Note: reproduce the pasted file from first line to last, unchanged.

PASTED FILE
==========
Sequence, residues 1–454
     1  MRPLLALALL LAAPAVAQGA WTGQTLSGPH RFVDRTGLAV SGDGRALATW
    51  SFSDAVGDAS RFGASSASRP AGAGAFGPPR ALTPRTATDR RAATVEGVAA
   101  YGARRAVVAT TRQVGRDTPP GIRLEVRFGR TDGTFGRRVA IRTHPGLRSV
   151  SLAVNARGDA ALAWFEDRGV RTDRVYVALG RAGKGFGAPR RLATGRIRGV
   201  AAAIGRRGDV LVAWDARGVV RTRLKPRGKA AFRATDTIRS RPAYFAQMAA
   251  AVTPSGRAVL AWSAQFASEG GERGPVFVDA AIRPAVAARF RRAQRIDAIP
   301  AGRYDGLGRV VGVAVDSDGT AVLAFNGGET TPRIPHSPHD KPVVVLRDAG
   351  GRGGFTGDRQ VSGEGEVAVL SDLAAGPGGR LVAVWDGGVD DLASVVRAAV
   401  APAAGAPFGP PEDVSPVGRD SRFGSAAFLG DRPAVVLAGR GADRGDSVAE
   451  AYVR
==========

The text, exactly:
Sequence, residues 1–454
     1  MRPLLALALL LAAPAVAQGA WTGQTLSGPH RFVDRTGLAV SGDGRALATW
    51  SFSDAVGDAS RFGASSASRP AGAGAFGPPR ALTPRTATDR RAATVEGVAA
   101  YGARRAVVAT TRQVGRDTPP GIRLEVRFGR TDGTFGRRVA IRTHPGLRSV
   151  SLAVNARGDA ALAWFEDRGV RTDRVYVALG RAGKGFGAPR RLATGRIRGV
   201  AAAIGRRGDV LVAWDARGVV RTRLKPRGKA AFRATDTIRS RPAYFAQMAA
   251  AVTPSGRAVL AWSAQFASEG GERGPVFVDA AIRPAVAARF RRAQRIDAIP
   301  AGRYDGLGRV VGVAVDSDGT AVLAFNGGET TPRIPHSPHD KPVVVLRDAG
   351  GRGGFTGDRQ VSGEGEVAVL SDLAAGPGGR LVAVWDGGVD DLASVVRAAV
   401  APAAGAPFGP PEDVSPVGRD SRFGSAAFLG DRPAVVLAGR GADRGDSVAE
   451  AYVR